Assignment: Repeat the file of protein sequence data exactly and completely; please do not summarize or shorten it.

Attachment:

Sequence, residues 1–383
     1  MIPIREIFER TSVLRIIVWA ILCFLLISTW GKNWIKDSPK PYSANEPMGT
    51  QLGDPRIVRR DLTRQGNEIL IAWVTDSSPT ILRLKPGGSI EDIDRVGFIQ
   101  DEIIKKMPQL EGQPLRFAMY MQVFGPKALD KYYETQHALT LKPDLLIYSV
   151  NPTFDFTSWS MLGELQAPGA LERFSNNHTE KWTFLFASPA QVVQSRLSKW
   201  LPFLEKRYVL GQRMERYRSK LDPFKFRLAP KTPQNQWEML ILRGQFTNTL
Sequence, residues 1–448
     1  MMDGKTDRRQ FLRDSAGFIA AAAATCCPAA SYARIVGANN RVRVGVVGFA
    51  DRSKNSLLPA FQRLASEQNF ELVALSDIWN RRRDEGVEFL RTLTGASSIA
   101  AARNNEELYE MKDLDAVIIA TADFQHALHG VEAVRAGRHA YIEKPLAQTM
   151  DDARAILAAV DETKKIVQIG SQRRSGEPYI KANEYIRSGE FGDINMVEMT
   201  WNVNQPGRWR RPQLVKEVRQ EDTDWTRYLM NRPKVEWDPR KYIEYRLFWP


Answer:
Sequence, residues 1–383
     1  MIPIREIFER TSVLRIIVWA ILCFLLISTW GKNWIKDSPK PYSANEPMGT
    51  QLGDPRIVRR DLTRQGNEIL IAWVTDSSPT ILRLKPGGSI EDIDRVGFIQ
   101  DEIIKKMPQL EGQPLRFAMY MQVFGPKALD KYYETQHALT LKPDLLIYSV
   151  NPTFDFTSWS MLGELQAPGA LERFSNNHTE KWTFLFASPA QVVQSRLSKW
   201  LPFLEKRYVL GQRMERYRSK LDPFKFRLAP KTPQNQWEML ILRGQFTNTL
Sequence, residues 1–448
     1  MMDGKTDRRQ FLRDSAGFIA AAAATCCPAA SYARIVGANN RVRVGVVGFA
    51  DRSKNSLLPA FQRLASEQNF ELVALSDIWN RRRDEGVEFL RTLTGASSIA
   101  AARNNEELYE MKDLDAVIIA TADFQHALHG VEAVRAGRHA YIEKPLAQTM
   151  DDARAILAAV DETKKIVQIG SQRRSGEPYI KANEYIRSGE FGDINMVEMT
   201  WNVNQPGRWR RPQLVKEVRQ EDTDWTRYLM NRPKVEWDPR KYIEYRLFWP